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Cinema

Netflix Woos Japan with New Original Series about a Reporter

September 17, 2020
TOKYO — Netflix is producing and shooting an original series set in Japan about a journalist who challenges authority, hoping to woo this nation that's hooked on watching good old TV. 
 
Good timing. The series' heroine is based on a muckraking real-life reporter, Isoko Mochizuki, who has doggedly questioned a politician who has just become prime minister, Yoshihide Suga. 
 
Suga took office this week after his boss, Shinzo Abe, resigned over health problems. 
 
The Netflix series called "The Journalist" is based on the story of Mochizuki, a reporter for the Tokyo Shimbun, who kept asking questions of Suga at his news conferences as chief government spokesman, despite being cut off, ignored or ridiculed. That's a sight common in the U.S. and some other nations but rare in hierarchical, orderly Japan. 
 
The series will be directed by Michihito Fujii, who was behind a 2019 award-winning movie that Netflix has adapted for the series. For the Netflix series, Ryoko Yonekura, an actress known for portraying tough women, plays the reporter who like Mochizuki goes after cover-ups and scandals. It's slated for global streaming next year, Netflix announced this week. 
 
The series was decided on long before it became clear earlier this month that Suga was destined to become prime minister.
 
"People were before looking for the lowest common denominator, a story that has travel ability," Greg Peters, Netflix's chief operating officer and chief product officer COO, told The Associated Press. 
 
"What we see is that the stories that connect with people around the world are stories that are authentic, that are anchored in the local culture, a local time that really speak a place," he said. 
 
After five years in Japan, the video streaming service has 5 million subscribers, up from 3 million last year as the coronavirus pandemic has people looking for entertainment while they stay home. That's still a fraction of the 193 million global paid members Netflix has, 73 million of them in the U.S. and Canada.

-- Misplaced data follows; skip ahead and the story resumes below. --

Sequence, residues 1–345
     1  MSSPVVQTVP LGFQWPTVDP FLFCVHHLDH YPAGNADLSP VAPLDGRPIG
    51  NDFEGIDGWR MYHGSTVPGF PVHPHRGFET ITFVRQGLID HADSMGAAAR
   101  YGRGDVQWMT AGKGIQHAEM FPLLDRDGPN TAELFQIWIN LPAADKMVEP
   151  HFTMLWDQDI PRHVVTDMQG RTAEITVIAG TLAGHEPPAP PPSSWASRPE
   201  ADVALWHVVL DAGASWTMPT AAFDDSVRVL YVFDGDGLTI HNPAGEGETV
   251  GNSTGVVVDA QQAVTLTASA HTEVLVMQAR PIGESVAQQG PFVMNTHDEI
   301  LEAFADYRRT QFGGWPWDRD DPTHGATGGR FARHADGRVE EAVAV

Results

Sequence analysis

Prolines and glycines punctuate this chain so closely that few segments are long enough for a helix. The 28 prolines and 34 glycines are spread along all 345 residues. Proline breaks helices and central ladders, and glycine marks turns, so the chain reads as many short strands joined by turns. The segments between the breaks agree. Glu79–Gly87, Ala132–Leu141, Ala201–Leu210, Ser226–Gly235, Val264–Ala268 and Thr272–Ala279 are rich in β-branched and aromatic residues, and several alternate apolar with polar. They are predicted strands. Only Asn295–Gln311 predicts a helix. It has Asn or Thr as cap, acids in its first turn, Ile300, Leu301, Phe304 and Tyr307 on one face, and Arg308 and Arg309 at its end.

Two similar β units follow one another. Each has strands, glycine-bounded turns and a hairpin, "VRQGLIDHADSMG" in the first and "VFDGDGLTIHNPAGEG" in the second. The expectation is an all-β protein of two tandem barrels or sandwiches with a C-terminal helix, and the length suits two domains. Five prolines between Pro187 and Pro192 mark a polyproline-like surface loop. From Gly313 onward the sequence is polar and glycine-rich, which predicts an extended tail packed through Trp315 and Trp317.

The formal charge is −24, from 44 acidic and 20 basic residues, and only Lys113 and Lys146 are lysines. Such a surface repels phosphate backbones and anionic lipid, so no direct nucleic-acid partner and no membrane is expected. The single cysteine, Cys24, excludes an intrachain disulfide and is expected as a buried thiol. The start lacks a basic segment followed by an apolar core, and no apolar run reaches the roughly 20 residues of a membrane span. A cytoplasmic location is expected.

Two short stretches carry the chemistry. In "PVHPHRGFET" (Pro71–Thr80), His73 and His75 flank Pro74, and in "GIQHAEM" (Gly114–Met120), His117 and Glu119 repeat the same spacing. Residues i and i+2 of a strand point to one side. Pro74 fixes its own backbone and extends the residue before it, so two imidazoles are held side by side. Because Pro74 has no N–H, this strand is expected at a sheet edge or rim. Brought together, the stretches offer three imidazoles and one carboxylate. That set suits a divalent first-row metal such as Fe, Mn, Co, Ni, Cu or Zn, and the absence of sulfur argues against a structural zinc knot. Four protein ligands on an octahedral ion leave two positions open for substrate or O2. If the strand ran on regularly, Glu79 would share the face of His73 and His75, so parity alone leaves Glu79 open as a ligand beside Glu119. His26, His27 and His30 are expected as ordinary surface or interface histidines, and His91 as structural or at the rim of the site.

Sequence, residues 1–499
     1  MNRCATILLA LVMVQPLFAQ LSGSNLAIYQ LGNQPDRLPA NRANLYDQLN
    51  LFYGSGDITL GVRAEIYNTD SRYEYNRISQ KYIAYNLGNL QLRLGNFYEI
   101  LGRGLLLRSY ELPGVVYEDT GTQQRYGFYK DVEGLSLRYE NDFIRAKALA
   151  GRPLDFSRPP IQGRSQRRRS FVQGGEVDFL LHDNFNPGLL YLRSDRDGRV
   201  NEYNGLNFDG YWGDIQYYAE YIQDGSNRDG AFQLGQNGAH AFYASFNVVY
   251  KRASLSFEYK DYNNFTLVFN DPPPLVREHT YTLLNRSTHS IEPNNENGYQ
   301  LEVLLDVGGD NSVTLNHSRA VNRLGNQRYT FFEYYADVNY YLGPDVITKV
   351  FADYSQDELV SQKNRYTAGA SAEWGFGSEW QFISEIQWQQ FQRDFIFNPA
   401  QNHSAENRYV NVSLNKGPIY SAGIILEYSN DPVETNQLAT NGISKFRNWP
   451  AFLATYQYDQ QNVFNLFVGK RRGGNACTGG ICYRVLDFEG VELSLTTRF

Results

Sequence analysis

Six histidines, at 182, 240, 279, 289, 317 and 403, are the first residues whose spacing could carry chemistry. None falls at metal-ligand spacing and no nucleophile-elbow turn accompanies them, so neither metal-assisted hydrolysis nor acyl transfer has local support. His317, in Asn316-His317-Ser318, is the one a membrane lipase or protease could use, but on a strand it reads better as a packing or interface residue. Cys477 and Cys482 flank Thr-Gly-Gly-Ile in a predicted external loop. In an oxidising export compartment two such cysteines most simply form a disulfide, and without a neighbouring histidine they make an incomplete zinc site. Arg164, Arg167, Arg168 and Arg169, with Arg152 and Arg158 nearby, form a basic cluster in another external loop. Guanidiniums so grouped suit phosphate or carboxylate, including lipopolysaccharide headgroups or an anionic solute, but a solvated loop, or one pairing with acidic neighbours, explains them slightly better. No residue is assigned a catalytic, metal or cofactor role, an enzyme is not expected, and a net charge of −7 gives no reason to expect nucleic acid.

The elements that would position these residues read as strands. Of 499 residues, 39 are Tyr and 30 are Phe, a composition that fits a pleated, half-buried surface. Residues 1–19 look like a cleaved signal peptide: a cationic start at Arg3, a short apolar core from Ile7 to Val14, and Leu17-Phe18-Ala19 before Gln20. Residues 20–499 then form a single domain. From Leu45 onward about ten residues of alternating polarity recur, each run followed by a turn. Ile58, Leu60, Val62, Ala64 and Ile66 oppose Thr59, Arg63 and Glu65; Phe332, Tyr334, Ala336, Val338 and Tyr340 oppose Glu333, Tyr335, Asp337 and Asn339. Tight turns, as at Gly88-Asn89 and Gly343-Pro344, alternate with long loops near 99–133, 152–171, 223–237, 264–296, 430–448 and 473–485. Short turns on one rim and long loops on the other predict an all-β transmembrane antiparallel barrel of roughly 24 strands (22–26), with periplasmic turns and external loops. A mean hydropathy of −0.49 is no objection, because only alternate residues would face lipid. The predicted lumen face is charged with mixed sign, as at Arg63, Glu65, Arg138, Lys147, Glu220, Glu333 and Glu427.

Netfix's image in Japan suffered over the death earlier this year of Hana Kimura, who was in the reality show "Terrace House." The female professional wrestler was found dead in an apparent suicide after becoming a target of social-media harassment. 
 
"Terrace House" aired in Japan as a Fuji TV show in 2012, made with production company East Entertainment. Netflix, based in Los Gatos, California, said the series was licensed, although it's billed as "a Netflix original series." 
 
Netflix acquired global streaming rights for the show from 2015. The episodes where Kimura appeared have been removed, but other episodes still air on Netflix. 
 
"Our hearts go out to Miss Kimura's family at this terrible time. Given this tragedy, all production and the launch of any new episodes have been postponed indefinitely," Netflix said in a statement. 
 
In Japan, Amazon Prime Video is No. 1 in streaming services, and the smaller Hulu Japan, U-Next and Yahoo! Japan's Gyao are also rivals. Netflix's fee starts at 800 yen ($7.50) and goes to 1,800 yen ($17) in Japan. 
 
Amazon does not give a breakdown by nation for its 150 million global Amazon Prime users, but its subscribers are estimated to be about three times Netflix's. Netflix officials say some Amazon users may use its online retail services without watching streaming content. 
 
Netflix's director of content acquisition, Kaata Sakamoto, has been with Netflix since its Japan launch five years ago. He said hardly anyone expressed interest in making content for Netflix at first.
 
One hit among its original Japanese content has been its "The Naked Director," based on the life of a pornography filmmaker. It premiered last year and a second season is being shot. 
 
The chance to pursue topics shunned by mainstream TV coupled with access to global audiences makes Netflix potentially appealing for content creators, according to Motohiro Tokuriku, an expert on net trends who works at Japanese online content platform Note. 
 
"I used to have the theory that Japanese are too used to viewing TV for free, and won't ever sign up for paid streaming services, but that's definitely changing," Tokuriku said. 
 
 
 

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